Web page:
Written by Shea Williams
Why she rocks: Erin is a community activist and a founding member of a food cooperative aimed at providing access to healthy foods in lower economic communities.
Erin’s Story: Single Mom of Two Prince Kings
Erin is a mother, community activist, political strategist, and cultural worker in Raleigh NC. She became a single mom after her marriage of many years ended in divorce. She experienced financial struggles commonly experienced by many single mothers and found it difficult to adjust to other parts of the divorce process.
“I’m fortunate because I’ve have never had to be the sole provider for my kids like so many other single moms. Even though my ex and I aren’t together, we have a healthy co-parenting relationship and agreement. When they’re with me, I’m responsible for everything that they need and vice versa. The most difficult part of the transition were the feelings of loneliness when they go to their dad’s. I went from having a full house to an empty nest. The first day was the elation of having freedom but by the second day, I missed them dearly.”
She struggled to find work life balance in the wake of her divorce, often times unintentionally sacrificing time with her kids.
“The demands of my job were really difficult to manage. It required lots of shifting around of schedules and even though their dad was accommodating it was frustrating to manage the competing responsibilities. I felt really guilty a lot of times asking for help and that I wasn’t there for PTA meetings, and games and all the things you’re expected to do as a mother. After realizing the impact it was having on my kids, I eventually got to the place where I made it point to prioritize them. That meant saying no and not being as accessible to others as I was before. I didn’t want to look up one day and my kids were resentful for all of the things they missed out on because of my work demands.
There are a lot of people who set out to save the world while their kids are suffering. For me I realized that I couldn’t save the world without saving my kids, and saving my kids meant they had a strong sense of self. It meant they had an understanding of these systems that are in place that are trying to destroy them because they are both black boys. I wanted them to know that their mother was there for them, that they could depend on me while also trying to hold the weight of the world.”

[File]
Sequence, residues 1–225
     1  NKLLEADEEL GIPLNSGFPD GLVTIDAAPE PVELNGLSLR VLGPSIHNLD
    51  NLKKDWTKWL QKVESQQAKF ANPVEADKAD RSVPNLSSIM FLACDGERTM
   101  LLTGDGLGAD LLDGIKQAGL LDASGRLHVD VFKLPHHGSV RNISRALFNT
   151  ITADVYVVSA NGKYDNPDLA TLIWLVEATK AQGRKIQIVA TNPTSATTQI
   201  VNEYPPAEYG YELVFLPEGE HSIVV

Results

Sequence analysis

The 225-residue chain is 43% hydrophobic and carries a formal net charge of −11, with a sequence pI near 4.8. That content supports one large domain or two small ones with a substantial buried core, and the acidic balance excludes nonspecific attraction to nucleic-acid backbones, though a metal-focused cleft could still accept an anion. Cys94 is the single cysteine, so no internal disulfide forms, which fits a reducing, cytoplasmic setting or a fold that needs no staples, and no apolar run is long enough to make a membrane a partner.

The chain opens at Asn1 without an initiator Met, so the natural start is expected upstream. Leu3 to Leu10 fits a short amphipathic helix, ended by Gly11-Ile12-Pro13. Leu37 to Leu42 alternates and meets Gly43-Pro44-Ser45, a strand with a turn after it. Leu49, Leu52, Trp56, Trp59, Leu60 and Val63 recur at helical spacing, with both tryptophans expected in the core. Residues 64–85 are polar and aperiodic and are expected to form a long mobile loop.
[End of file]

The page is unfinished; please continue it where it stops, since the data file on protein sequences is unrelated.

Erin, a longtime community organizer is one of the founding members of the Fertile Ground Food Cooperative, a community and cultural center in Southeast Raleigh.
“I do a lot work in the community but the food cooperative is the most important for a couple of reasons. One, it’s a business that is collectively owned by its members. I can preface this by saying I think we’re in a fight against racism, capitalism and other isms. One of the things that they do is create an economy whereby most of us are workers and other people own our labor. I grind all day and somebody else is reaping the benefits of my labor. A cooperative is model that offers an economic tool that will help us to create more jobs, prosperity and wealth in our communities. All of us are owners and for me it serves as a direct counter to capitalism as an economic engine. It gives members the opportunity to practice governance, provides access to healthy affordable foods which is often times not accessible in lower economic communities.”
Along with her community work, she’s received several awards for her activism and fight for social justice.
“I’ve received awards from the NAACP, the Citizen of the Year award and others but what’s most rewarding for me is when people that I work with are better able to understand their own power and are willing to work collectively with others to use it. I collaborate with this organization called Southern Partners’ Fund, and they have a principle that says you can’t empower people, you can only give people a sense of their own power. Everybody has power, it’s a question of helping them to see and use it. The more that I can grow that spirit in people, the more rewarding my work becomes. We’re building the foundation for the next generation to win and investing in their leadership is critical to helping my people become free.”
Erin offers this advice to other single moms— “Taking the time to self-reflect about who you are and who you want to be. Being accountable to where you’ve made errors and mistakes and most importantly loving yourself. Working to have deep self-love is not something that happens overnight but it’s a process that we’re all continuing to work on. The change that we want to see in the world really starts within ourselves. We tend to take care of everybody else in the world when our own needs aren’t being met. I don’t think other people can meet our needs necessarily until we really know who we are.”
Erin, we are impressed with your work, your passion, tenacity, and resilience. You are a mom who rocks!
#MomsWhoRocks #ChallengingStereotypes #ExtraordinaryOrdinaryMoms